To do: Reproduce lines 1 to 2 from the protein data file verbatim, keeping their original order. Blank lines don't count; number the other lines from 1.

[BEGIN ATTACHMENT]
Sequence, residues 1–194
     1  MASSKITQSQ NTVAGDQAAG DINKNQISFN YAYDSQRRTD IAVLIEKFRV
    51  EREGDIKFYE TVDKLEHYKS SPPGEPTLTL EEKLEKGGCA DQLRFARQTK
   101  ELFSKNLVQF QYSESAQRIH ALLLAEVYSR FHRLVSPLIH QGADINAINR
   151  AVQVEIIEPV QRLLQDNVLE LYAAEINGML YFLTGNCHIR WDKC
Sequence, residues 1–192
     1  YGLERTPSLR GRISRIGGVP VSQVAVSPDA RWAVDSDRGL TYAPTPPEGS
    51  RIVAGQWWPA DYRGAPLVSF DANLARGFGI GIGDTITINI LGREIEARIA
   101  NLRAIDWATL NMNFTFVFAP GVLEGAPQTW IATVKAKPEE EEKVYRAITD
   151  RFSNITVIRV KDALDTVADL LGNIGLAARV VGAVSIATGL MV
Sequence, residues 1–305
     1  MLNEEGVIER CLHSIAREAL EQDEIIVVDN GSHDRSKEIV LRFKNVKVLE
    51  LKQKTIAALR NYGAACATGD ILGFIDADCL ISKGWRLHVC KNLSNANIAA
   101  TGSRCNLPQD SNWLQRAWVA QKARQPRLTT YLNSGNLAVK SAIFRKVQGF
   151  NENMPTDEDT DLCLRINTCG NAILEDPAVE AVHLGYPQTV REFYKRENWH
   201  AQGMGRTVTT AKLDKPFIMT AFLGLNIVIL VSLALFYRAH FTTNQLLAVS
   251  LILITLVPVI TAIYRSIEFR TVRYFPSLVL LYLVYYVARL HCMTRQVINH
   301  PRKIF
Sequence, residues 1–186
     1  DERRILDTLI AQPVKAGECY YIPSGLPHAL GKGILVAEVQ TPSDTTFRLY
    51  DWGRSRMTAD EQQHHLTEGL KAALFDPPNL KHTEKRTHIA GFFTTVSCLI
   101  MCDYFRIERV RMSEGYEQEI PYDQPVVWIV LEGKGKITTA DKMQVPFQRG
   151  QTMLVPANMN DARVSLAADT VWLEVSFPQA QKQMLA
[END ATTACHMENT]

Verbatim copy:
Sequence, residues 1–194
     1  MASSKITQSQ NTVAGDQAAG DINKNQISFN YAYDSQRRTD IAVLIEKFRV